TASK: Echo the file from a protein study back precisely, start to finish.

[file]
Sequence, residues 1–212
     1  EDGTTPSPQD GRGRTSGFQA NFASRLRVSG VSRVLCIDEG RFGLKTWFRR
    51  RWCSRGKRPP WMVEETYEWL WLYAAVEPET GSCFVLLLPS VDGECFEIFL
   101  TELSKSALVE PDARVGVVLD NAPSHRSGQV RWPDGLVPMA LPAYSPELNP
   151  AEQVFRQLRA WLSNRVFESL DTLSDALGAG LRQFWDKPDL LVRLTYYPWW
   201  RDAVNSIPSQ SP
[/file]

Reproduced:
Sequence, residues 1–212
     1  EDGTTPSPQD GRGRTSGFQA NFASRLRVSG VSRVLCIDEG RFGLKTWFRR
    51  RWCSRGKRPP WMVEETYEWL WLYAAVEPET GSCFVLLLPS VDGECFEIFL
   101  TELSKSALVE PDARVGVVLD NAPSHRSGQV RWPDGLVPMA LPAYSPELNP
   151  AEQVFRQLRA WLSNRVFESL DTLSDALGAG LRQFWDKPDL LVRLTYYPWW
   201  RDAVNSIPSQ SP